The new United Nations Secretary General, António Guterres, recently appealed to Member States to join him in committing to ensuring and sustaining peace and has further called for a holistic approach to the UN’s work through close coordination between the UN’s three pillars: peace and security, sustainable development, and human rights policies. Guterres, who assumed office on January 1, 2017, replacing Ban Ki-moon, will hold the post for a five-year period, ending December 31, 2021. While only a few days in to his term, Guterres’ initial remarks have shed light on his goals and priorities and include an appeal for peace, a call to the UN to support sustainable development and the Paris Agreement on climate change, and a notice to the UN as an organization to prepare for change in its internal management structure. See United Nations, Secretary-General-designate António Guterres’ remarks to the General Assembly on taking the oath of office. On linking the three pillars, he has said, “there is no peace without development and no development without peace; it is also true that there is no peace and sustainable development without respect for human rights.” [UN News Centre: Photo Feature]

Guterres was chosen for the role after the UN implemented a more transparent selection process, which included dialogues with Member States and civil society. [UN News Centre: Guterres; IJRC] Guterres, who is fluent in Portuguese, English, French, and Spanish, previously served as the 10th UN High Commissioner for Refugees (UNHCR) from June 2005 to December 2015, as Portugal’s Prime Minister from 1995 to 2002, and as president of the European Council in 2000. [UN News Centre: Photo Feature] Read more

New Clips – December 31, 2016

UN Security Council adopts resolution on Israeli settlements
Credit: UN Photo/Manuel Elias

Civil Society

  • In Argentina this week, human rights advocate Milagro Sala, and other members of the organization Tupac Amaru, were sentenced to 2-3 years probation, or suspended prison, for “aggravated damage” after participating in a protest. [Telesur]
  • A United Nations agency condemned the murder of journalist, Larry Que, of the Phillippines, and called for an investigation into the death as a means of ensuring the safety of other journalists, and protecting freedom of information. [UN News Centre]
  • Bahrain released and re-imprisoned activist Nabeel Rajab for comments he made on social media about the war in Yemen and acts of torture allegedly taking place in prisons. [Guardian]
  • On Monday in Egypt, a new media law that establishes a body with the power to revoke licenses, fine, or suspend publications, broadcasters, and foreign media, was passed and signed into law, heightening concerns over the freedom of press in the region. [Al Jazeera]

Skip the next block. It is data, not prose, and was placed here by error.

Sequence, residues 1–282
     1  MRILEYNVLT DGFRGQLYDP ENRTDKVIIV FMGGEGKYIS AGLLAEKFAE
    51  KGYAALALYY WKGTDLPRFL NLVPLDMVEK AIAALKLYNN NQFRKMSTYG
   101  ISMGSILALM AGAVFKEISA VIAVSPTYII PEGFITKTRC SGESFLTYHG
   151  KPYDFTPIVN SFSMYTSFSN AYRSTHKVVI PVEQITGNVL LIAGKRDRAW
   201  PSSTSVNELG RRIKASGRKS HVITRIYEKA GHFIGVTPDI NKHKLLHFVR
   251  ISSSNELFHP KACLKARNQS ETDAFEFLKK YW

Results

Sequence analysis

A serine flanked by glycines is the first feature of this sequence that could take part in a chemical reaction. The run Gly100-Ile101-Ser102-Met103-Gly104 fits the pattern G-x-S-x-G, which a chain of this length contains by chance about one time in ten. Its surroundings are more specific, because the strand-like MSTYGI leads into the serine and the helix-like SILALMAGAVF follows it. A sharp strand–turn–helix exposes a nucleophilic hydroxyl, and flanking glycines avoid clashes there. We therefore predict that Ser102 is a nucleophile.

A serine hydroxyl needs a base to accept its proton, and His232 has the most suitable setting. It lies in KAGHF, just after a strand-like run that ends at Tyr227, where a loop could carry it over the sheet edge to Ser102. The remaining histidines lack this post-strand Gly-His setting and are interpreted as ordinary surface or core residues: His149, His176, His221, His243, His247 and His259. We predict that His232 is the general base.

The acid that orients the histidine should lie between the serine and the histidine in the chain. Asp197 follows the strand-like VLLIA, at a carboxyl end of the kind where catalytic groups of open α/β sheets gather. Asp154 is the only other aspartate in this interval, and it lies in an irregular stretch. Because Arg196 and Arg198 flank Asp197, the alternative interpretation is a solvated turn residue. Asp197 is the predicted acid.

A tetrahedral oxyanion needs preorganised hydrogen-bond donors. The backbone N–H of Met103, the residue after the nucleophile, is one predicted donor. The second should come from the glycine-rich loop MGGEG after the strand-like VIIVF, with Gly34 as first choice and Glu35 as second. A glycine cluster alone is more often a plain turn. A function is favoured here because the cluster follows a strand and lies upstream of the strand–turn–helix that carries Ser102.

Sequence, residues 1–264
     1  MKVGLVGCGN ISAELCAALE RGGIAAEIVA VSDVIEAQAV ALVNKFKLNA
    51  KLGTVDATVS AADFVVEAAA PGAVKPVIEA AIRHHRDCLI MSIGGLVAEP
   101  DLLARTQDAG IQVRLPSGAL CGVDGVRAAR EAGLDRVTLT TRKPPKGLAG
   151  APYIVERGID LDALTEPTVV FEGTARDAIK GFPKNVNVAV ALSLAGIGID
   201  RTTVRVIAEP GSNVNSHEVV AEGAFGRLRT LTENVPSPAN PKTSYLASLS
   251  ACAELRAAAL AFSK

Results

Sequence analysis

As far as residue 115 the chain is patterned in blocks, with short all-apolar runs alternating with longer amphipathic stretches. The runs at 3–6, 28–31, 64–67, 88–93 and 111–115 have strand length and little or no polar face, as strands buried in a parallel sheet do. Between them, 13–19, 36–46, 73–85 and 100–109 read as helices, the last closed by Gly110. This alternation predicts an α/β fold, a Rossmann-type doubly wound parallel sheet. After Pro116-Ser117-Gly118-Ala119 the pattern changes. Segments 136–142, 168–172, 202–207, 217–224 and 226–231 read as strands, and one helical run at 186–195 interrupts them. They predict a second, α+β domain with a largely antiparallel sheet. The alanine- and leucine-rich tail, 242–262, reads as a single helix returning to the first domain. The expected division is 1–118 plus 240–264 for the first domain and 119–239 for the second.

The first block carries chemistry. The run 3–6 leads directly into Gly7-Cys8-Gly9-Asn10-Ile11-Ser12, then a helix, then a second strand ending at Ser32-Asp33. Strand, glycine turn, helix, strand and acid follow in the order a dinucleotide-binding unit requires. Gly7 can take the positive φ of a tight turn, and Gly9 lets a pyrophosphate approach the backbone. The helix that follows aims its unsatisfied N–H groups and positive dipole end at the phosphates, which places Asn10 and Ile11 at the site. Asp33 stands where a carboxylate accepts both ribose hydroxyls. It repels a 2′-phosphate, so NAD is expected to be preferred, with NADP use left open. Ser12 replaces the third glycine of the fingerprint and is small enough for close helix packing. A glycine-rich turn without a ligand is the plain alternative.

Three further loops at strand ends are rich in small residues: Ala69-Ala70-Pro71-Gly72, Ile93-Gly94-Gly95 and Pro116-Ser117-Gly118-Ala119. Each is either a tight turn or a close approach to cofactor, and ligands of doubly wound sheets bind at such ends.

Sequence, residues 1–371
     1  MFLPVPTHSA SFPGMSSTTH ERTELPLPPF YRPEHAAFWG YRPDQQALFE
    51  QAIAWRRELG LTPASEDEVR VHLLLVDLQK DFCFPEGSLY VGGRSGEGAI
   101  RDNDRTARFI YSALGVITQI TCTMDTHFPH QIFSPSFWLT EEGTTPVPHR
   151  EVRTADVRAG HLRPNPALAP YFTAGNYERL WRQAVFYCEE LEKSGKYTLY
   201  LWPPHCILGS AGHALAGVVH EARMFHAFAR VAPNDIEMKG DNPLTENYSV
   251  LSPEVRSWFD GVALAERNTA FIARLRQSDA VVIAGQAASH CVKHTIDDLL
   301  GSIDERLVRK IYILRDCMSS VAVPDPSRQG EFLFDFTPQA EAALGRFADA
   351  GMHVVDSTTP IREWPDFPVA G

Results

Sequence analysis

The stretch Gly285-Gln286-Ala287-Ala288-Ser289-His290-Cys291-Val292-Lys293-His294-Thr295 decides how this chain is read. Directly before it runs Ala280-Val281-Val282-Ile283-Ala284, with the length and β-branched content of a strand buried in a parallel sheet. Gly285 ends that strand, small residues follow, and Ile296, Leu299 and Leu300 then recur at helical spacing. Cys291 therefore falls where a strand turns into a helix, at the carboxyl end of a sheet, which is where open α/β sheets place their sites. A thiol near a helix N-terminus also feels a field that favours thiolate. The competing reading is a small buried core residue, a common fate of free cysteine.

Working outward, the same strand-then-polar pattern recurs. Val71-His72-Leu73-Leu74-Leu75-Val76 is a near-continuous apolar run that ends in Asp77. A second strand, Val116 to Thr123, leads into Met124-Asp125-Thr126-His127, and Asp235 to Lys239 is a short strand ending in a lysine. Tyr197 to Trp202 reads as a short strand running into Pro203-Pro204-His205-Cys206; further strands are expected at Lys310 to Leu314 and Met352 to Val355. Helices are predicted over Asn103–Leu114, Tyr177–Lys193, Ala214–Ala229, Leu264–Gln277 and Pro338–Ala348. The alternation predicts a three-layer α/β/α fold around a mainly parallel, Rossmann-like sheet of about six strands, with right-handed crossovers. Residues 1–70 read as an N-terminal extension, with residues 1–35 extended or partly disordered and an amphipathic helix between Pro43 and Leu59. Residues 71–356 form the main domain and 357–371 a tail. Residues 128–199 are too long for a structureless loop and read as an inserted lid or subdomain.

• In Bangladesh, workers in the garment factories protested job loss and workers pay. [Guardian]
  • In the wake of recent civil society suppression in Ecuador, UN Special Rapporteurs have offered technical assistance to the government to address problematic legislation, and called for a stop to the dissolution of environmental and indigenous rights groups. [OHCHR Press Release]

Migrants & Refugees

  • This week, 36 child asylum seekers who had been living in the informal Calais refugee camp in France initiated individual legal action against the United Kingdom for allegedly failing to process their asylum applications in a timely and appropriate manner. [Guardian]
  • In Germany, 20,000 more migrants and refugees have chosen to leave the country in 2016 than in 2015, as Germany’s immigration policies become more restrictive. [Al Jazeera]

Armed Conflict, Violence, & Humanitarian Crises

  • On Thursday, the Syrian Army announced the implementation of a cease-fire between government and rebel forces in much of Syria through a deal between Russia, Syria, Iran, and Turkey; the agreement did not include “terrorist organizations.”. [Washington Post]
  • This week, the Colombian Congress approved a revised peace deal that provides amnesty to thousands of FARC and army members accused of minor crimes. [BBC]
  • A second phase of an Iraqi operation intended to reclaim Mosul began on Thursday. [Al Jazeera]
  • On Wednesday, the Syrian Observatory for Human Rights reported air strikes in eastern Syria, which were said to have killed 22 civilians, including 10 children. [Al Jazeera]

Environment

  • For the first time in Spain, an anti-pollution measure in Madrid will ban the use of about half of the private cars on roadways on Thursday between 6:30 AM-9:00 PM, with some exceptions, in an attempt to aid public health. [Guardian]
  • In Bangladesh this week, experts emphasized the water crisis imminent in the region due to water wastage, pollution, declining groundwater, and increased salinity. [Inter Press Service]

Politics

  • The United States Secretary of State reiterated the U.S. commitment to a two-state solution to the Israeli-Palestinian conflict following a UN Security Council resolution condemning Israeli settlement building; the U.S. had abstained from that vote, opening a rift in U.S.-Israeli relations. [Guardian]
  • British Prime Minister Theresa May reportedly intends to campaign on a promise to withdraw from the European Convention on Human Rights, an obligatory and binding human rights instrument for all European Union Member States, which gives the European Court of Human Rights jurisdiction over complaints against the United Kingdom. [Rights Info]
  • On Thursday, in response to alleged Russian interference in the U.S. presidential election, the Obama administration moved to shut down Russian compounds in the U.S. and declare 35 Russians “persona non grata.” [Washington Post]
  • On Friday in Turkey, a parliamentary commission approved a draft of a constitutional amendment that would give the president and vice president complete executive powers, the amendment will go to a referendum most likely in the spring. [Al Jazeera]
  • This week, the UN Secretary General praised the newly inaugurated parliament of Somalia and encouraged it to fill empty seats (particularly with women), establish a permanent constitution, and improve its credibility. [UN News Centre]
« Older Entries